Monday, November 26, 2007

Jazz and Judging

A person sitting next to me on the plane told me about his recent sex change operation. She and I both knew it was unlikely we would see each other again. I suppose that is why she could talk about this highly personal matter to a stranger. (I wonder if she was as frank with the blind date she had that evening?)

Columnists often write about personal matters. That is because when the columnist writes the readers have not yet been determined. Easier to be revelatory to a faceless inchoate readership than face to face with someone the columnist knows. The act of writing in the columnist’s present is past during the reader’s act of reading. Einstein no doubt would endorse the principle that “The reader’s present is the columnist’s past.”

This column, involving a delicate personal subject, I have already written and you will soon read. It is intimately related to the federal judiciary. By the way, while you are reading this column, I have already forgotten about it. I am working on something else. But it is not something I knew about when I wrote this column. Get it?

So to continue, no matter what the function or event, federal judges are always introduced first. Then when everyone is truly bored, they introduce the state court judges. A few months ago I spoke at the induction ceremony of a well-respected state trial judge, Judge Valerie Baker- Fairbank who had been recently appointed to the Federal District Court. Needless to say, many of her state court colleagues were present and joined the admiring audience, the numbers of which were so large they poured into adjoining courtrooms to see the ceremony on TV screens.

The judge presiding over the ceremony graciously welcomed everyone and then began to individually introduce the federal judges present from both the 9th Circuit and the trial bench. The accolades and encomiums made the inhabitants of Olympus envious, “the brilliant, the scholarly, the genius, the distinguished.” And then a recitation about the judge’s hobbies, blood type, awards and honors dating from grammar school. Then it came to the state judges. “Would you all stand and be recognized”- two seconds later-“that’s enough, sit down.”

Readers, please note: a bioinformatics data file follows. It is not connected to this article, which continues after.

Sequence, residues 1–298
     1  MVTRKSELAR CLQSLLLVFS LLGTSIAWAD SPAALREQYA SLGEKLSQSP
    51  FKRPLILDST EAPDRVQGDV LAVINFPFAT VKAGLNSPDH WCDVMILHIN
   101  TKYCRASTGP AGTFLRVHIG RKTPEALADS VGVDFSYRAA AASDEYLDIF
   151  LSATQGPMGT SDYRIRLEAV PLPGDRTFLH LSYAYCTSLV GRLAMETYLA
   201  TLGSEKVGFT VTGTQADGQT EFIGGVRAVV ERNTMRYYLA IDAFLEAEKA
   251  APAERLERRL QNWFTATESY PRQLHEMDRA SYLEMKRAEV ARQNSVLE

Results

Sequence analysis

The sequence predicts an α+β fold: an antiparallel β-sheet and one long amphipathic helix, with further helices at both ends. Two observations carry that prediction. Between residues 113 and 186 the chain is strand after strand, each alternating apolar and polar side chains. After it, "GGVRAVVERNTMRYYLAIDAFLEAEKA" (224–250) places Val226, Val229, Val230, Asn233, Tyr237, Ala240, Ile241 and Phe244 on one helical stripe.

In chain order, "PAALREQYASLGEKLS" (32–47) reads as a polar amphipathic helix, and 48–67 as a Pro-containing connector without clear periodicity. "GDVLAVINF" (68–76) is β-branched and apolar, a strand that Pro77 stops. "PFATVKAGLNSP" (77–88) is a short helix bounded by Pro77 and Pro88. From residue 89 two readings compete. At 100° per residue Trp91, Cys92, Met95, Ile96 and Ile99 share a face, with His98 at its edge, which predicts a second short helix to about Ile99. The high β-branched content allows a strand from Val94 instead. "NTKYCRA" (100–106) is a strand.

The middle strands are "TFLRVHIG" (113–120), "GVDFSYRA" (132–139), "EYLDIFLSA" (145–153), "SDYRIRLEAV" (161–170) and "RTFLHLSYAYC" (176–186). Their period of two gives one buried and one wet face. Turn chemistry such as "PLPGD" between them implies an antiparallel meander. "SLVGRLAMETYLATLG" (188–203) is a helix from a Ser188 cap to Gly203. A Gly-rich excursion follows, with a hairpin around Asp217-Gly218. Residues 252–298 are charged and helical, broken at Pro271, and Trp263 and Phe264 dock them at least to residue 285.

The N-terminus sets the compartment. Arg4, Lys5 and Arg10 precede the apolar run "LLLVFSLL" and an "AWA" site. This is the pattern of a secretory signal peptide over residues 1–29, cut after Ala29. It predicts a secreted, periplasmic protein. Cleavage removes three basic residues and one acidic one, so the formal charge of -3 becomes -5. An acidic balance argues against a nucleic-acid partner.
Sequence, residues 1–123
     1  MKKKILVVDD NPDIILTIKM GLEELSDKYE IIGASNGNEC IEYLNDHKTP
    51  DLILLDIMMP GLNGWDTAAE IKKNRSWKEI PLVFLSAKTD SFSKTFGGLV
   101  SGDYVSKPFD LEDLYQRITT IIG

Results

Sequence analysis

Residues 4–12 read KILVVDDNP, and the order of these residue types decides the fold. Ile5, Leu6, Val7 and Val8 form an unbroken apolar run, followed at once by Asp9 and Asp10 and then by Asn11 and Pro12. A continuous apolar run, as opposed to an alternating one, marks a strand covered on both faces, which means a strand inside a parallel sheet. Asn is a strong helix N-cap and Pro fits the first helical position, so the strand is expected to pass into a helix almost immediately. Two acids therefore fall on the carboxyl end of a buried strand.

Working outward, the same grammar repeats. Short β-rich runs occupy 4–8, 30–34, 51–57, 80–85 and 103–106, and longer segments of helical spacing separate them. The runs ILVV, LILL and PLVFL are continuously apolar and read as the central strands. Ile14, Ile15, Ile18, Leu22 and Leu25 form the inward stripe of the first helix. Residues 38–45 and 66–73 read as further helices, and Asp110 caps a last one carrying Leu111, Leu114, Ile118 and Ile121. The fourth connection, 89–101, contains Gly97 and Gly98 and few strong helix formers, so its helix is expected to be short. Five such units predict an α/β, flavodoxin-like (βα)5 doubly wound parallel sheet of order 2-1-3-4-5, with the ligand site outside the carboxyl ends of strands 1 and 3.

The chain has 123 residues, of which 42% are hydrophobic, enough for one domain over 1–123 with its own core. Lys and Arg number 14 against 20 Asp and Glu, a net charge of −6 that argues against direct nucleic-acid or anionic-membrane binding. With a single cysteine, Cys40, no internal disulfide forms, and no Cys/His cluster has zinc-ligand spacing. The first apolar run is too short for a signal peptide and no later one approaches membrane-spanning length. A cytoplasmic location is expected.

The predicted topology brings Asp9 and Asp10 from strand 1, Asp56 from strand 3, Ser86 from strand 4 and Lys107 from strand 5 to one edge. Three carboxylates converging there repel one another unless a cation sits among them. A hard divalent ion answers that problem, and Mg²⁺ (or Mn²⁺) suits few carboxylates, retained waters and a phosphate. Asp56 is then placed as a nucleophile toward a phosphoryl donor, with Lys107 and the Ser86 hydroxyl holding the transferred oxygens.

But the real reason federal judges have it made, is that unlike state judges, they do not have to run for election. A federal judge can close down the City of Los Angeles with impunity. A rebuke from the press or a higher court may elicit a yawn or shrug, but they are in office forever. Impeachment? Not likely. From the creation of the federal judiciary to the present, only thirteen federal judges have been impeached, and six of those were actually convicted.

Speaking of the federal judiciary takes me to my personal matter. It is my colonoscopy, a subject I had discussed years ago in my Daily Journal column (March 1995) when I was younger and less discrete. The colonoscopy of which I speak this time is a different one. Least you think this evidences a desperation for material, it is not exactly the colonoscopy itself that is pertinent, but instead, the conversation with the anesthesiologist.

I received a call the day before the procedure informing me that the anesthesiologist would like to talk to me the next morning when I come in. It is the day before when the “prep” occurs. The “prep” is not a picnic. In fact picnics are not allowed. I was reading briefs, but it was hard to concentrate, what with a liquid diet and constant interruptions that reminded me of the quality of some of the briefs.

So early the next morning I was on a gurney with a needle in my arm receiving an IV, waiting for the doctor to do to me what I do to attorneys at oral argument. I was a little groggy when the anesthesiologist came in. He broached a subject of great importance- did my insurance cover his services? I assured him that if it did not I would gladly pay his fee. To prove it, I agreed to sign the form he thrust in my hand. Of course the words were a blur, and for all I knew, my signature could make him the new owner of my house.

As he browsed through the charts he saw that I was a judge. “Oh you’re a judge,” he said in a higher pitched voice. He took the form out of my hand before I could sign it. He asked what kind of judge I was. “A fair one,” I said. He smiled nervously. “What court?” he asked. “The Court of Appeal,” I said. “9th Circuit?” he asked. “No,” I answered, “my court is the state’s counterpart of that court.”